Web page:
President Barack Obama’s plan to spend $1 billion to accelerate research toward cures for cancer is just a fraction of what President John F. Kennedy spent on the nation’s actual moonshot.

NASA estimated in 1961 that it would cost $20 billion to put a man on the moon, or $160 billion in 2016 dollars. It costs about $1.4 billion, on average, to develop and bring to market a single new drug, according to researchers at Tufts University in Boston. Obama has proposed spending four times as much -- $4.1 billion -- over the next three years to teach schoolchildren how to write basic computer code.

“Spending only $1 billion on a so-called moonshot is an absurdity,” Ted Okon, executive director of the Community Oncology Alliance, said in a phone interview. “If you’re going to have a moonshot, you’re talking about spending a lot more money on it. One billion dollars is not going to get you a rocket ship, much less off the ground.”

The death last year of Vice President Joe Biden’s son, Beau Biden, at age 46 spurred Obama to make cancer a policy and spending priority in his final year in the White House. Biden will lead a White House task force, comprised of officials from 13 federal agencies, to review and better coordinate federal spending on cancer research. The money is intended to speed research into the causes of cancer, treatment and prevention of the disease and to ultimately find cures.

“It’s not enough, but it’s a start,” White House press secretary Josh Earnest told reporters on Monday. He said not to expect "a lot of sexy announcements" from Biden’s panel, and that its work on issues such as data sharing and better organizing cancer research is "not going to move markets when it posts to the Bloomberg terminal."

Not Unwelcome

The White House said in a statement that Obama would spend $195 million on the initiative this year and request $755 million from Congress for fiscal 2017, which begins Oct. 1.

The U.S. pharmaceutical industry says it spends about $50 billion a year on research and development for drugs including those that treat cancer. That includes companies such as cancer-focused Bristol-Myers Squibb Co., which said it spent about $5.2 billion on R&D last year. The total doesn’t include the billions of dollars a year spent by the biotechnology industry’s smaller startups or the National Institutes of Health’s $31 billion in research funding, or efforts by academic institutions and charities.

Within the National Institutes of Health, the National Cancer Institute has a budget of about $5.2 billion this year. That is not to say that an extra $1 billion is unwelcome.

"This money could be very, very effective," said David Pugach, federal relations director at the American Cancer Society’s lobbying arm, the Cancer Action Network. The spending may help researchers capitalize on data from sequencing the human genome and advance new breakthroughs in immunotherapy, an approach to treating cancer that entails persuading the body’s own immune system to attack tumors.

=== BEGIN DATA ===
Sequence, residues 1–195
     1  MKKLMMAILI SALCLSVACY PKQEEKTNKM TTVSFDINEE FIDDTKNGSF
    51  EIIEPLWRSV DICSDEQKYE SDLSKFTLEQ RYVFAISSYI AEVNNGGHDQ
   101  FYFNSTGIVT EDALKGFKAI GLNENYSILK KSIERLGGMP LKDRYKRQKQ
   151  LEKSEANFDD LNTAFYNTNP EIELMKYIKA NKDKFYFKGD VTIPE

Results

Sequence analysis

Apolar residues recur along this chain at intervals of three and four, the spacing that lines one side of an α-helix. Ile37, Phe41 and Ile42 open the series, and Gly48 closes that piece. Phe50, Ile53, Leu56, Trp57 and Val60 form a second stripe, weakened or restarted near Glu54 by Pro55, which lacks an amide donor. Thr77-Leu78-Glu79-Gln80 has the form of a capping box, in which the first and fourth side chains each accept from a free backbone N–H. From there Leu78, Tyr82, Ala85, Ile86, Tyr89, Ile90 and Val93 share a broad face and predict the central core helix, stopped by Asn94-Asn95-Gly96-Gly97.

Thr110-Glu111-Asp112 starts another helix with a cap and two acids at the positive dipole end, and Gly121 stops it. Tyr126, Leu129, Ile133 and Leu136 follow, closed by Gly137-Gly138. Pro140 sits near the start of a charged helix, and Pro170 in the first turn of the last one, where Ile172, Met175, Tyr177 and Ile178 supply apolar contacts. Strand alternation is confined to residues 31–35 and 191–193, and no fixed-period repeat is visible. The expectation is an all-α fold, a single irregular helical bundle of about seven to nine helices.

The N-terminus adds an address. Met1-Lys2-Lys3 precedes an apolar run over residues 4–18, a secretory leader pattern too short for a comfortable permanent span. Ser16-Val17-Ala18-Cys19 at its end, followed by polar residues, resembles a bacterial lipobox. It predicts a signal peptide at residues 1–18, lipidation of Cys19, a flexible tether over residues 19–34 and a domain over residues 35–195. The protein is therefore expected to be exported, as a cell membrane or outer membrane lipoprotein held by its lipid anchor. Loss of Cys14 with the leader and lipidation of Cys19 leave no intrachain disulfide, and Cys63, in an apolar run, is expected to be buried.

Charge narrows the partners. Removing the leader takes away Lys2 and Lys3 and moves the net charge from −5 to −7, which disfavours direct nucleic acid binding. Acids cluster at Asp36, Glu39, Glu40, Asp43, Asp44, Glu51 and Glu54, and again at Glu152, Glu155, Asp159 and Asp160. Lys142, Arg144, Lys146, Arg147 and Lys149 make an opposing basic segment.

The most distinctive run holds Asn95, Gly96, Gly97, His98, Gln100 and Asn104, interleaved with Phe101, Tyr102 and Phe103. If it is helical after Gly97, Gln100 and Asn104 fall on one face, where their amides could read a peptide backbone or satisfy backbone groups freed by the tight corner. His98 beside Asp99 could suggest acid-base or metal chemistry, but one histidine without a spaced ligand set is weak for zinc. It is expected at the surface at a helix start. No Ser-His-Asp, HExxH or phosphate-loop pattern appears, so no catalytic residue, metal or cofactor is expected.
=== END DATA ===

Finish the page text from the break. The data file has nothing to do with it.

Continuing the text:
Anees Chagpar, the director of the Breast Center at Smilow Cancer Hospital at Yale-New Haven, said that $755 million would be enough for about 150 grants from the National Institutes of Health for basic cancer research, which average about $5 million each.

Flat Budget

"The investment of $755 million is a fraction of what the U.S. government spent to
put a man on the moon, and cancer research these days is expensive," she said in an e-mail. Still, "any infusion of resources (especially at a time when the NIH budget has been flat) is really welcome."

Prior to a 5 percent increase last year in the National Cancer Institute’s budget, spending on the agency had been mostly stagnant during Obama’s seven years as president. The money in his 2017 budget request, to be sent to Congress on Feb. 9, would be divided between the National Institutes of Health and the Food and Drug Administration, according to a White House statement.

Beau Biden, who had been the Delaware attorney general, died of brain cancer on May 30. His father cited his son’s death as the main reason he decided not to undertake another bid for the Democratic nomination for president this year.

Obama plans to discuss the cancer initiative Tuesday when he meets with the U.S. House Speaker, Paul Ryan of Wisconsin, and Senate Majority Leader Mitch McConnell of Kentucky, Earnest said. Cancer spending is one of a handful of areas where Obama hopes to find agreement this year with the Republican congressional leaders, the White House has said.

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